Some 50 Cubans barricade themselves in a bus in Mexico and manage to avoid their arrest

Some 50 Cubans barricade themselves in a bus in Mexico and manage to avoid their arrest

A group of 50 Cubans took hostage this Tuesday the driver of the tourist bus they were traveling in the Mexican state of Veracruz, with the aim of not being detained by members of the National Guard. The officers, who intended to hand them over to the National Migration Institute (INM), intercepted the vehicle in a section of the Transístmica highway, which connects the municipalities of Sayula de Alemán with Acayucan.

“In Acayucan they deport you, we are not going there,” the Cubans warned the National Guard and said they intended to continue their journey to Mexicali, from there to cross into the United States. One of the migrants assured that each Cuban paid 2,500 pesos ($75) for transportation.

An officer confirmed 14ymedio that there were several children in the group and that “although the people presented residence and free transit permits, these were for the states of Chiapas and Oaxaca,” he explained.

Insisting that their situation should be resolved by Immigration, the Cubans cornered the driver and took the bus keys from him. In support of the National Guard, other vehicles arrived, but this annoyed those detained even more. After five hours of negotiations, they were allowed to return to the state of Oaxaca, warning that recidivism in transit without permission is penalized.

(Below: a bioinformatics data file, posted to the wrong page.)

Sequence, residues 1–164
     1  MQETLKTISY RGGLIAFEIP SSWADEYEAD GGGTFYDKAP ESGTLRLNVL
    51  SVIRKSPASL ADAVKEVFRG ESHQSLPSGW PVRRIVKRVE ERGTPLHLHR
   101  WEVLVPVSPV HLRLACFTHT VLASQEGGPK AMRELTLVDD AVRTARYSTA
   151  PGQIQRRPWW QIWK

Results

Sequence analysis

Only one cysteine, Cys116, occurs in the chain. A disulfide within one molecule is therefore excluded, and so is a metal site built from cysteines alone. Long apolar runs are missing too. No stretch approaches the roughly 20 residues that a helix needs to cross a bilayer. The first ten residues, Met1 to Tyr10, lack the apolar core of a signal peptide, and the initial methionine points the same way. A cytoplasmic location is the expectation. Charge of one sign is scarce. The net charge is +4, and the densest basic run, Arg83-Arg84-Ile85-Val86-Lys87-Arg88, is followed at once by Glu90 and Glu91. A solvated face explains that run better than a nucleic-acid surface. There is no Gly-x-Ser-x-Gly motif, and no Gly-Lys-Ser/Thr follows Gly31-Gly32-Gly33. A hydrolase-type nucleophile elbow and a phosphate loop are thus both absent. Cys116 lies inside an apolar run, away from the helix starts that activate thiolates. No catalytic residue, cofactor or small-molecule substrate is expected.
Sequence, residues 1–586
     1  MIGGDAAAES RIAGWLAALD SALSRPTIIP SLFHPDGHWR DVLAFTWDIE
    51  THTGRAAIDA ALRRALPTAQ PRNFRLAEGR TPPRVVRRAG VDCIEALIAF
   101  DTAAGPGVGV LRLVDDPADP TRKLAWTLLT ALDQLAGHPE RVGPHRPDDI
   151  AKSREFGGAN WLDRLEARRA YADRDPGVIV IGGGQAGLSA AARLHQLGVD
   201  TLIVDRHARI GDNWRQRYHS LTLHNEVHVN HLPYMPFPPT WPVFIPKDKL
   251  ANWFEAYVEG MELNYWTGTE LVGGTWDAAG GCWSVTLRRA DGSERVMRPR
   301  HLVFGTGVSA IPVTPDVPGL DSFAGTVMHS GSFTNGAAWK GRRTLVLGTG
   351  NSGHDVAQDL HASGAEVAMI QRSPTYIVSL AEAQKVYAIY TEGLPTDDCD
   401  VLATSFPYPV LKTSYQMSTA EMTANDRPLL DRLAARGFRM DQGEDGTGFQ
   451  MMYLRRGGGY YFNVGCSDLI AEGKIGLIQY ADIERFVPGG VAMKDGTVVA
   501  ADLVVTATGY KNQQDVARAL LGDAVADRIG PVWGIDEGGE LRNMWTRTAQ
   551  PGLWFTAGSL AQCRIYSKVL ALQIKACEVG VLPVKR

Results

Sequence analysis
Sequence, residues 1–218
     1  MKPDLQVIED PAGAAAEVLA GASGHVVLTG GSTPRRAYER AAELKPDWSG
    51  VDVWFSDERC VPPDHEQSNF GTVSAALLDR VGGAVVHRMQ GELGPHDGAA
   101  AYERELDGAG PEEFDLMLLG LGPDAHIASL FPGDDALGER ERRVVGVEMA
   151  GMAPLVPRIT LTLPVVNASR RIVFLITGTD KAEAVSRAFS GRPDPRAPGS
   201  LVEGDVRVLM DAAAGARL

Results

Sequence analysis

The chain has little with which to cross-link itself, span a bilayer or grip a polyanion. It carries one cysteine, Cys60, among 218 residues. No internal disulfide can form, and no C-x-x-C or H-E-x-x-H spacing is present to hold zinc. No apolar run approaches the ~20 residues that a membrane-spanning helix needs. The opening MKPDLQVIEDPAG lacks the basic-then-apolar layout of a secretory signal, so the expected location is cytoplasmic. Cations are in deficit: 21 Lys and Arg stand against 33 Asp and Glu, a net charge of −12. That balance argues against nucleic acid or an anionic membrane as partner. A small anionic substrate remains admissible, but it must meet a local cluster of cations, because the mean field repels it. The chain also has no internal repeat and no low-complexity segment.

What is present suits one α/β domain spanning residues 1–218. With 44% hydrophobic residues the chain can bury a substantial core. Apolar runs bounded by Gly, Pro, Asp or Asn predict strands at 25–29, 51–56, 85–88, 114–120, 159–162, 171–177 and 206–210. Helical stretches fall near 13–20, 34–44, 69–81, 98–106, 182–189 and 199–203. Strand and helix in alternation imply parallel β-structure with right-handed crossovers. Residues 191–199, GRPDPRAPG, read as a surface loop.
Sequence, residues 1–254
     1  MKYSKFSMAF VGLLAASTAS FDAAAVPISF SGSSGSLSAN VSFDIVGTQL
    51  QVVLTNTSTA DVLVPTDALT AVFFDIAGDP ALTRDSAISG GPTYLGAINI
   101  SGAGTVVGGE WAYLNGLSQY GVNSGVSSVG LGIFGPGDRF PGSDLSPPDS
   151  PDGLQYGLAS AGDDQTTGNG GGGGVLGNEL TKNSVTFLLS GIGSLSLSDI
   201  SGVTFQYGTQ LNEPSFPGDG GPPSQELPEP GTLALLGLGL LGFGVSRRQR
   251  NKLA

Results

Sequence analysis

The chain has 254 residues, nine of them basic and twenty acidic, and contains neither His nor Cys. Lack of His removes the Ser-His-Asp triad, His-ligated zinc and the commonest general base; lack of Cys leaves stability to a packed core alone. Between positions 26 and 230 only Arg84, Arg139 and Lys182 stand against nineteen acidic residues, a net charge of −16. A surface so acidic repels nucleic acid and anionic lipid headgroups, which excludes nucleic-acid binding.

Migration did not issue any report on the incident, nor details on the arrest, this Tuesday, of 29 other migrants after persecution in the city of Cordoba.

Last April, the lawyer José Luis Pérez Jiménez denounced that the detention of Cubans and their internment in the Migration center of Acayucan became a collection channel of money for the coffers of officials.

Wilmer Mantos, a 27-year-old Cuban who was imprisoned in Acayucan, told 14ymedio that this place “is a prison where human rights do not exist: they have you without a cell phone, without papers, you eat because you are hungry, but the food is spoiled and there is hardly any water or medical assistance.”

In their transit through Mexico to reach the United States, Cubans have had to face arbitrary arrests, violation of their human rights and extortion. On the last day of September, a group of 14 migrants from the Island denounced that a high-ranking Immigration official he demanded $70,000 not to deport them.

The Cubans were arrested in Campeche and transferred to Mexico City and despite having legal protection, they were held for several days. They are currently heading for the US border.

Nearly 200,000 Cubans have arrived by land in the United States and more than 6,000 by sea since October 2021.


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